Saturday, April 04, 2009

We're Number One!

Forbes Magazine recently named it's picks for the top cities to live in the United States. Portland, Maine came out on top as the best city over 500,000 to live in. Portland is a great little city. If I had to live in a city again, Portland would be my first pick. Folks are generally friendly and it is easy to drive around or walk. It has good food, good drink, and it is on the water.

But Portland is not a city of over 500,000. As a matter of fact, the population of the city is only 64,000. Lee Nelson, Channel 6 news guy, brought this fact up on his daily blog. So how did Forbes decide that Portland fit into the category of 500,000 when the whole state only has 1.2 million people? Well, they used what is called a MSA measurement. Apparently the MSA population area comprises an area of linked population density. So basically when Forbes said Portland was number one, they really meant all of southern Maine. If this is the case, I live in the number one spot in the country according to Forbes magazine. The official MSA for Portland includes four counties. Acton is in one of them. I am an hour away from the city center in the sticks and about as removed from any notion of city living as one can get.

While Forbes draws upon the population of areas only remotely linked to Portland, they then only use statistics specific to the city itself to embellish their claims. By today's standards, Portland has a low unemployment rate of 5.9% and a fairly high per capita income. Head down the road to say Sanford and the unemployment rate doubles and the per capita income plunges.

I felt some pleasure at reading of Portland's rise to the top. But I find the honor to be not honestly won based on the criteria used. It is not Portland's fault. It is Forbes magazine. Tweaking statistics to fit into some kind of template, is not being very objective. All in all, I would just as soon they had not bothered.

Keep it 'Tween the Ditches................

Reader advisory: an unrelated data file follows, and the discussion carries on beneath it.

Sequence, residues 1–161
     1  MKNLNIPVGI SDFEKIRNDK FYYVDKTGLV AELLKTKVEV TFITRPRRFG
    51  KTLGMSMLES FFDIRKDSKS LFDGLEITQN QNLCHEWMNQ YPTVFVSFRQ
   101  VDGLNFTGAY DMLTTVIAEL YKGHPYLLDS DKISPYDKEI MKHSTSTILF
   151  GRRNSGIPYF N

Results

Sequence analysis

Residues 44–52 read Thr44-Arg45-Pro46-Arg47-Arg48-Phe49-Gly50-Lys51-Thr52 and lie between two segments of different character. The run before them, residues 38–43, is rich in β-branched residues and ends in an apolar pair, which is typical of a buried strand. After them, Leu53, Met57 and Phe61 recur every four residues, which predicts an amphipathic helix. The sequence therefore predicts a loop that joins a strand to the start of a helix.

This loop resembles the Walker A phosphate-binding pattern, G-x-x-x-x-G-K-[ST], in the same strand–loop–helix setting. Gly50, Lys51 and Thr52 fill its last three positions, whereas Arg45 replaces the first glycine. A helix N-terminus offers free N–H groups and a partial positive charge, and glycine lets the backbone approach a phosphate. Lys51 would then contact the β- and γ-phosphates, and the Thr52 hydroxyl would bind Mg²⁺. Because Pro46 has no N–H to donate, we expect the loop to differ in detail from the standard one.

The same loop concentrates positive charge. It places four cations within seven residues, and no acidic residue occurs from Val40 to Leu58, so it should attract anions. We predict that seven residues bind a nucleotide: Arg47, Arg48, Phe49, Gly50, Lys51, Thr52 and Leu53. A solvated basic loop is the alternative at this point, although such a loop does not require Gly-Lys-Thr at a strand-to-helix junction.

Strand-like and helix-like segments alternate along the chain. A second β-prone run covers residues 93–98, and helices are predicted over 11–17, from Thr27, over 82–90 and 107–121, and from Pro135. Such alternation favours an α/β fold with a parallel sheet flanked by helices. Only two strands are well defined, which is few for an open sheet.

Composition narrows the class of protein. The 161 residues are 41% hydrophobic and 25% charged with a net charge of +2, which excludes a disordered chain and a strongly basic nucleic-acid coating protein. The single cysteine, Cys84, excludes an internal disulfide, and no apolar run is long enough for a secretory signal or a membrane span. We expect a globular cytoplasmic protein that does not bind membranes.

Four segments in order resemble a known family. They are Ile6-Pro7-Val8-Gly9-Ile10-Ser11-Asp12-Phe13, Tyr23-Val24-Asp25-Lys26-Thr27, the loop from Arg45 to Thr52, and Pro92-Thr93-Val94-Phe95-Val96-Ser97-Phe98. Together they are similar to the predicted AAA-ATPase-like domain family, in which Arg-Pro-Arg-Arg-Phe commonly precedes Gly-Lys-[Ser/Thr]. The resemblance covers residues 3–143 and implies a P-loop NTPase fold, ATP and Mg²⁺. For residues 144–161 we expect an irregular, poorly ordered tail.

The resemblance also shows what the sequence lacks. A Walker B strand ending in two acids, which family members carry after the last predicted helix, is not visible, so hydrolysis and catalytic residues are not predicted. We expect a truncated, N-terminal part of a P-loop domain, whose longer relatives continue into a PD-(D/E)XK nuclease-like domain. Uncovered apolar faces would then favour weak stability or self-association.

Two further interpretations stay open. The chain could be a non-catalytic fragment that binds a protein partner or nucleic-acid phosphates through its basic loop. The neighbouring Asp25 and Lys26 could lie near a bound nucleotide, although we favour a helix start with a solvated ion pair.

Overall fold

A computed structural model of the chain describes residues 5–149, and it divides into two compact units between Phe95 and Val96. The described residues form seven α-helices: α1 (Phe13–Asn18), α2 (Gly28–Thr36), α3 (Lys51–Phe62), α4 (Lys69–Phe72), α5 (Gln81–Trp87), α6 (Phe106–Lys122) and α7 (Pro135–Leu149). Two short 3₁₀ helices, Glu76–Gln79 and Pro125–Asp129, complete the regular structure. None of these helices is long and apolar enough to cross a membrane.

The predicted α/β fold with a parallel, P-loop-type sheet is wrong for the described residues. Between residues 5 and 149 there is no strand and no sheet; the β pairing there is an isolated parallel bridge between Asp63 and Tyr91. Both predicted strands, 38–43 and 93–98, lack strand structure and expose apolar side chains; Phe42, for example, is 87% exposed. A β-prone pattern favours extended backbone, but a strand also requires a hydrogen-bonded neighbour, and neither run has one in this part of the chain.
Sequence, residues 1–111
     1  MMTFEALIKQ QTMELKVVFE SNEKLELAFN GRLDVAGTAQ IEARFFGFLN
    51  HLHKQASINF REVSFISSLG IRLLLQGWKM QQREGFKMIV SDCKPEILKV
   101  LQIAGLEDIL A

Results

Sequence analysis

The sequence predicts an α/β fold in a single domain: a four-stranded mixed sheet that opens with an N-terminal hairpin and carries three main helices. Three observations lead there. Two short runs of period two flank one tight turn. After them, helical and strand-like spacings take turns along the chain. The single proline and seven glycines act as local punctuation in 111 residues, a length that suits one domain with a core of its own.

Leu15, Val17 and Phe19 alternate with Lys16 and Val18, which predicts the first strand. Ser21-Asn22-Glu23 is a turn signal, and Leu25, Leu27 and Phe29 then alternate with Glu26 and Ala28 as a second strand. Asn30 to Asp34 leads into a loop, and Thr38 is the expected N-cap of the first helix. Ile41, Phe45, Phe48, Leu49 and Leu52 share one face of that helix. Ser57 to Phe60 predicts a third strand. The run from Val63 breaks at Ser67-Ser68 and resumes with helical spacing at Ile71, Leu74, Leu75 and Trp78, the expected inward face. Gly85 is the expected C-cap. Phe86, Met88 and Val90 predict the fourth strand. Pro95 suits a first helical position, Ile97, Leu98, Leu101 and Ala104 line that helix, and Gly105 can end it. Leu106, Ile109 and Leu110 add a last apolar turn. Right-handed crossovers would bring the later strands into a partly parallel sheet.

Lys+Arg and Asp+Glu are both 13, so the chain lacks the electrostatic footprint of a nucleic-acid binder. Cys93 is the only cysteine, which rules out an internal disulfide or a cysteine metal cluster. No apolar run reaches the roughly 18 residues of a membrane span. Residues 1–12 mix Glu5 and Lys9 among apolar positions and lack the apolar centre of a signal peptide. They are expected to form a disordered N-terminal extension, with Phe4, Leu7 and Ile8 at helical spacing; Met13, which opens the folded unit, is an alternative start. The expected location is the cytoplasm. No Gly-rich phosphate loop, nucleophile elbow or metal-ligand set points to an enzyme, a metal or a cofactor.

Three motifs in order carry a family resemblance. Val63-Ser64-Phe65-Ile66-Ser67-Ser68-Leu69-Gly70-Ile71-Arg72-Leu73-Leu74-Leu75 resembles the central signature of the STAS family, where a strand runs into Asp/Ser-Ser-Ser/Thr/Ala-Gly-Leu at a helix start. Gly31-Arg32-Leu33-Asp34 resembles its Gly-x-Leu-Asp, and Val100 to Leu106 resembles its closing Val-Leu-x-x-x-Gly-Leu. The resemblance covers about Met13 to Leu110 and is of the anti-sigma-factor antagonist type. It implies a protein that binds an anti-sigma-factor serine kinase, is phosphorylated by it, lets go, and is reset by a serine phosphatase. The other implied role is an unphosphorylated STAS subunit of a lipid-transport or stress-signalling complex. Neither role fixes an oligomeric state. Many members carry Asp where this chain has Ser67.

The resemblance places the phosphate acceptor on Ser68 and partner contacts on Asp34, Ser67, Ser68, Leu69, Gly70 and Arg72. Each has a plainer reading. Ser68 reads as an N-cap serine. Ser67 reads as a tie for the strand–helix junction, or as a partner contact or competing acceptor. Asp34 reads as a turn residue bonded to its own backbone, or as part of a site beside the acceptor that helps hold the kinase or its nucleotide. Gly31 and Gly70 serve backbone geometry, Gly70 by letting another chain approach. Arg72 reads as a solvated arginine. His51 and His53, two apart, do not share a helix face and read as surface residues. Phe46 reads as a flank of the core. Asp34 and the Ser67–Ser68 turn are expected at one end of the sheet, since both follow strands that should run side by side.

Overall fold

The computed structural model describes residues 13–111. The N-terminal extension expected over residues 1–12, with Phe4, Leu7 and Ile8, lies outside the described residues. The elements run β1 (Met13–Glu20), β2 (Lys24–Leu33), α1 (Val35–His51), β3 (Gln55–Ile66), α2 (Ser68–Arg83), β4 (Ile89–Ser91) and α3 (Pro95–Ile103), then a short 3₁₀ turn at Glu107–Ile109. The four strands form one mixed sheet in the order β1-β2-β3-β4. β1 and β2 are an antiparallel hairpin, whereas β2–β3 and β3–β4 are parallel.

(356 / 3415)


BBC said...

I don't mind visiting a big city at times, but live in one again? Fuck that.

This town is considered small and I wish that half of the monkeys here would leave.

BBC said...

But it's great that you are number one. I'd like for us to be about number one thousand.

Mind if I tell these monkeys to move over there?

Gary ("Old Dude") said...

Main???---hmmm thats someplace close to Nova Scotia isn't it? (lol)----they get a terrible lot of snow I am told.

Bill said...

I lived in Portland way back in '72. It was a dying town back then. A lot has changed!
Portland is no Boston or Seatle by any means, but it's spreading out fast. I just did Route 202 on the west side last November and couldn't believe the 3 "roundabouts" in a row! That was fun! But wow, surburbia has taken over the places that were fairly rural back when I lived there.
I'd move to Portland if I had to live in a city, but I'd sure want a lot more money to live on than what I live on now up here in Greenville.
The one thing I really don't like about Portland is in the springtime when it's gray and about 40 degrees but the rest of Maine is basking in 60 or 70 degree sunshine. That ocean can sure be cold in April and May.

Kulkuri said...

Saw a thing on TV this morning that said Nebraska was the happiest state and that the entire left coast and parts of the right coast (New York was one) were the unhappiest.
Portland or as a guy I knew from there called it Porkland, is a nice town. I was there in '98 and even visited the most photographed and painted lighthouse in the world. Still got a t-shirt of the minor league ball club there, the Sea Pups.

El Cerdo Ignatius said...

I do love the state of Maine, and although I don't know the city of Portland very well, I'm sure the recognition is well-deserved. However, one of good things about Maine is that it usually avoids publicity like this and has therefore been able to keep its population at a reasonable level.

I know of an American of Chinese origin who talks in wonderment about the "emptyness" of America - how there's just so much space. Well, I suppose that's a relative thing - I live in Canada, so I'm always amazed at how crowded America is.

Which is why I like Maine - especially northern and eastern Maine. Fewer people. Hopefully, Crum, you won't get waves of newcomers moving into York County because of Forbes Magazine.

A Midnight Rider said...

I have been going to Portland over the Thanksgiving weekend for years.

We go to Boulder now to #1 son's, but Portland has been very high on my list for almost 10 years. Being close to Freeport helps.